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January 11, 2012 12:39 PM Lots of People Can’t Fire Their Insurance Companies

By Aaron Carroll

Governor Romney is getting a lot of heat for a line that appears to have been taken out of context. I’d like to talk about it in context. I think that’s much more illuminating:

“I want individuals to have their own insurance. That means the insurance company will have an incentive to keep people healthy. It also means if you don’t like what they do, you can fire them. I like being able to fire people who provide services to me. If someone doesn’t give me the good service I need, I’m going to go get somebody else to provide that service to me.”

Gov. Romney is not saying that he enjoys telling people that they no longer have a job. He’s saying that, when it comes to health insurance, if a company is doing a bad job, he would enjoy telling them to take a hike. Who wouldn’t?

First of all, let’s unpack the idea that if individuals have their own insurance, the “insurance company will have an incentive to keep [them] healthy”. That’s totally backwards. The idea that people might fire their insurance companies is exactly why they don’t have an incentive to keep you healthy. Insurance companies preferentially cover healthy people, and they want those who are ill to leave, or, better yet, not enroll in the first place. Captive populations, like those in the VA, or maybe plans with long-term contracts through big employers might have the right incentive, but the types of plans Gov. Romney seems to have in mind don’t do the very thing he is saying they do. Insurance companies have a vested interest in keeping you healthy when you can’t or won’t leave.

But that’s the least of his problems. The real issue, unfortunately, is that very, very few people have the luxury that Gov. Romney is endorsing. Let’s say that you are self-employed, and lucky enough to have found a company to provide you with health insurance. Then, let’s say you develop cancer. You suddenly find out that your insurance company stinks. So you fire them, right?

Of course not. You’re screwed. Now you have a pre-existing condition. There’s not an insurance company out there that wants to cover you. So you don’t fire them. You scream, and curse, and cry, but you’re stuck. Only healthy people have the luxury of picking and choosing.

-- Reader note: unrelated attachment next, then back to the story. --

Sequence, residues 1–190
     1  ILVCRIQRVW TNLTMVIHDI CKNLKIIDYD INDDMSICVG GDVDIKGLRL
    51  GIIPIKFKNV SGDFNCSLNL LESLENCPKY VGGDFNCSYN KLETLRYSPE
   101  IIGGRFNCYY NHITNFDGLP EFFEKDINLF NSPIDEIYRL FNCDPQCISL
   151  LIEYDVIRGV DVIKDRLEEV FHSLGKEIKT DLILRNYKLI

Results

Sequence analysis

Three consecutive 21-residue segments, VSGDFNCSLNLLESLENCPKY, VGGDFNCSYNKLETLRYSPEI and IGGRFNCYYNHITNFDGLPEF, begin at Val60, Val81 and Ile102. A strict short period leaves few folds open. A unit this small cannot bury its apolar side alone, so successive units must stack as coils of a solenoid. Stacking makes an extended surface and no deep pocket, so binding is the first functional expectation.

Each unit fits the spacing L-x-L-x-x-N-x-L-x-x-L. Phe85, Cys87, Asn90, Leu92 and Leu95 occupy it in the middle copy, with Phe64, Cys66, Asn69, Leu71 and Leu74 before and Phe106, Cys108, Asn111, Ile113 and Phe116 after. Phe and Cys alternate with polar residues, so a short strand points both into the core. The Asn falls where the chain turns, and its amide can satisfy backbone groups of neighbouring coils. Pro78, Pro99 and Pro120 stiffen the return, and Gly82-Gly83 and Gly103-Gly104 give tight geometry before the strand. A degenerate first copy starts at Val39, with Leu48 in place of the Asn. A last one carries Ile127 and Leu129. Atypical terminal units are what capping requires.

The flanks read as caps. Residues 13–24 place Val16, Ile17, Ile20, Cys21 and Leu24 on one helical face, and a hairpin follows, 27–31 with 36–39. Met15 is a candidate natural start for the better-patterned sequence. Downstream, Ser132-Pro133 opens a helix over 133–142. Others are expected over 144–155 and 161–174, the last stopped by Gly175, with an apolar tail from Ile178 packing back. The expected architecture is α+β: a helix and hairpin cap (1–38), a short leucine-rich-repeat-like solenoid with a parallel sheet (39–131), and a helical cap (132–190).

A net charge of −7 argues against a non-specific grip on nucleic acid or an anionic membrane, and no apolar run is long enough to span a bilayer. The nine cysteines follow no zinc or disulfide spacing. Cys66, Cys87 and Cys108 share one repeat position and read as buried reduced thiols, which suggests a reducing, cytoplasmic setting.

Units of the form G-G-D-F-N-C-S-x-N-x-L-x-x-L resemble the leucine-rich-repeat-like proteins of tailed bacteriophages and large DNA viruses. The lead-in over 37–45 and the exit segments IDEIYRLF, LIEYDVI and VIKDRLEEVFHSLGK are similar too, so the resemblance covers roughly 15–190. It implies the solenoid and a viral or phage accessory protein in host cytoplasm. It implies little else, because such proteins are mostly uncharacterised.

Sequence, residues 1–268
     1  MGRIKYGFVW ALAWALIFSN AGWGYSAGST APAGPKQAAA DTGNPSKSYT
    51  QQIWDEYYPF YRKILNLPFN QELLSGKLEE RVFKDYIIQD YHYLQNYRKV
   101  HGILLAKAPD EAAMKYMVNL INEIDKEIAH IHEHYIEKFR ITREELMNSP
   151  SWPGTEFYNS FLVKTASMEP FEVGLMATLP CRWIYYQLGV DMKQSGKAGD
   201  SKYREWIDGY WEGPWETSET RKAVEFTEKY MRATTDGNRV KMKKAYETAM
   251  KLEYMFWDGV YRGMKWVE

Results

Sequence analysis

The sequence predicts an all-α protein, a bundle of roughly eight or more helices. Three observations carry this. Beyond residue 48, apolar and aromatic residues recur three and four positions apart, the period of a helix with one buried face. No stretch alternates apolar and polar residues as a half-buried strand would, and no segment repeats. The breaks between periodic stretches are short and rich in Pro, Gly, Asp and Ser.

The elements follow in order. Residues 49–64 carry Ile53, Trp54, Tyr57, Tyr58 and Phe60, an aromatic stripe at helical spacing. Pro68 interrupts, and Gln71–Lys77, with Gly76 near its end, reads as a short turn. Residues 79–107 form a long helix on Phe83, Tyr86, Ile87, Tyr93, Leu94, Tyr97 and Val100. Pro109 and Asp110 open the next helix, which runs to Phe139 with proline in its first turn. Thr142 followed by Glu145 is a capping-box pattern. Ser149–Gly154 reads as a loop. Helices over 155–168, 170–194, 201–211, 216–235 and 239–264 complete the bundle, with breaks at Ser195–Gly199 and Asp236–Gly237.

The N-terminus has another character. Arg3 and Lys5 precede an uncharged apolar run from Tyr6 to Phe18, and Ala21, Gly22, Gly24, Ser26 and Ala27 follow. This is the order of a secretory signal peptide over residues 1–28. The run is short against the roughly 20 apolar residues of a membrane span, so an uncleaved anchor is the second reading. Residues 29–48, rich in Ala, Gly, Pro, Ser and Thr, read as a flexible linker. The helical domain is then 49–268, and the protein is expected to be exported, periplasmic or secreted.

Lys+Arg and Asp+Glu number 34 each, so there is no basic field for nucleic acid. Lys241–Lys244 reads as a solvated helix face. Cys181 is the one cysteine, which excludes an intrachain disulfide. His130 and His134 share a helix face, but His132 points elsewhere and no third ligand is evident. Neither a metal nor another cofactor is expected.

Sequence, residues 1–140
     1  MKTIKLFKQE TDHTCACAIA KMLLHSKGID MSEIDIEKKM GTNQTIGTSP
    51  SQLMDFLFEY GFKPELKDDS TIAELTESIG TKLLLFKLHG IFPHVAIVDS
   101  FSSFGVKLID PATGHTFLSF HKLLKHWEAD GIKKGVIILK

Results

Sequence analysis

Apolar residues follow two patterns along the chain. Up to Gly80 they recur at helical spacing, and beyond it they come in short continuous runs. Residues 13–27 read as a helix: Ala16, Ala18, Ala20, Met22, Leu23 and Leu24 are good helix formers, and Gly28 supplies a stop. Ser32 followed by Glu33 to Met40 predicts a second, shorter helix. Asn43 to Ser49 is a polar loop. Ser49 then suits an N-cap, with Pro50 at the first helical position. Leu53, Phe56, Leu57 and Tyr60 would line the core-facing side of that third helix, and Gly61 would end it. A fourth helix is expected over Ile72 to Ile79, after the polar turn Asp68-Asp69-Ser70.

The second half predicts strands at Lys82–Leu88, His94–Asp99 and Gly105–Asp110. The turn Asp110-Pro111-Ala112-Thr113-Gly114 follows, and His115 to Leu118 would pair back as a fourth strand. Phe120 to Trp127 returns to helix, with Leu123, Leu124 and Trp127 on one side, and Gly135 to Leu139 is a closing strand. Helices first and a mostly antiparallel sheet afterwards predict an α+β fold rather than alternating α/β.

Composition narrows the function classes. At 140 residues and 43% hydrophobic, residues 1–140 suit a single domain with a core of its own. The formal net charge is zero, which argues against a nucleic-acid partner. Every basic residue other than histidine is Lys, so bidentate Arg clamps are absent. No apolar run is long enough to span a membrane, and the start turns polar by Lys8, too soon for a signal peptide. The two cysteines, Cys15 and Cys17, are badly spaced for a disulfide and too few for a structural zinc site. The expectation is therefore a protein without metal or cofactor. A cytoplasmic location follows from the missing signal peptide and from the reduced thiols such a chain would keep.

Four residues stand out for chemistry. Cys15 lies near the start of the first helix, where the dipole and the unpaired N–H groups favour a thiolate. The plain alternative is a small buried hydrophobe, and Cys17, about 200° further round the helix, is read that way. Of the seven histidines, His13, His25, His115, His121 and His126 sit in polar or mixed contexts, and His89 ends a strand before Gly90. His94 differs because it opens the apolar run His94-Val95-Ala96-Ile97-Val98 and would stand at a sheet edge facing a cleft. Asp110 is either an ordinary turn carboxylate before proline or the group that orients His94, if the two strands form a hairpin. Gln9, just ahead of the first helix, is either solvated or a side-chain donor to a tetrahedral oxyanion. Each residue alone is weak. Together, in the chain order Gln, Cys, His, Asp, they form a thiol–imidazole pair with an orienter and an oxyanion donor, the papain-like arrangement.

Let’s also not forget that most people don’t find out that they’re not getting “good service” until they’re sick. Healthy people don’t make much use of their insurance, so they don’t know how bad it is. They only find out after they’re ill, and then it’s too late. It’s only fun to fire the insurance company if you’re sure you can go to another company to get what you need. Almost no one can.

Of course, you could be so assured if guaranteed issue was the law. It would be even better if there were community ratings, so you knew the next insurance company couldn’t gouge you for being sick. That’s the case in Massachussetts, under the law Governor Romney signed, so it’s possible he’s just thinking back to that.

It’s also true under the ACA. But if that gets repealed, as Governor Romney suggests, then very few Americans, excepting those that live in states like Massachusetts, will get to enjoy the firing he proclaims to enjoy.

[Cross-posted at The Incidental Economist ]

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Aaron Carroll ,MD, is an associate professor of Pediatrics and the associate director of Children’s Health Services Research at Indiana University School of Medicine.

Comments

  • lou on January 12, 2012 10:34 AM:

    1. There simply is not much price competition among private health insurers. This provides almost no incentive to switch for affordability.

    2. You can apply to another company but after jumping through the hoops including detailing medical records, subjecting yourself and dependents to medical exams, etc. you might find that the underwriters will disqualify at least one member of your family for what you consider to be relatively minor medical problems.

    3. You may find that a new insurer will not cover any preexisting medical problems for at least one year.

    So, there is a lot of risk involved in "firing" your insurer and not much incentive to switch even when you are being gouged with exorbitant premium increases with very high deductible policies.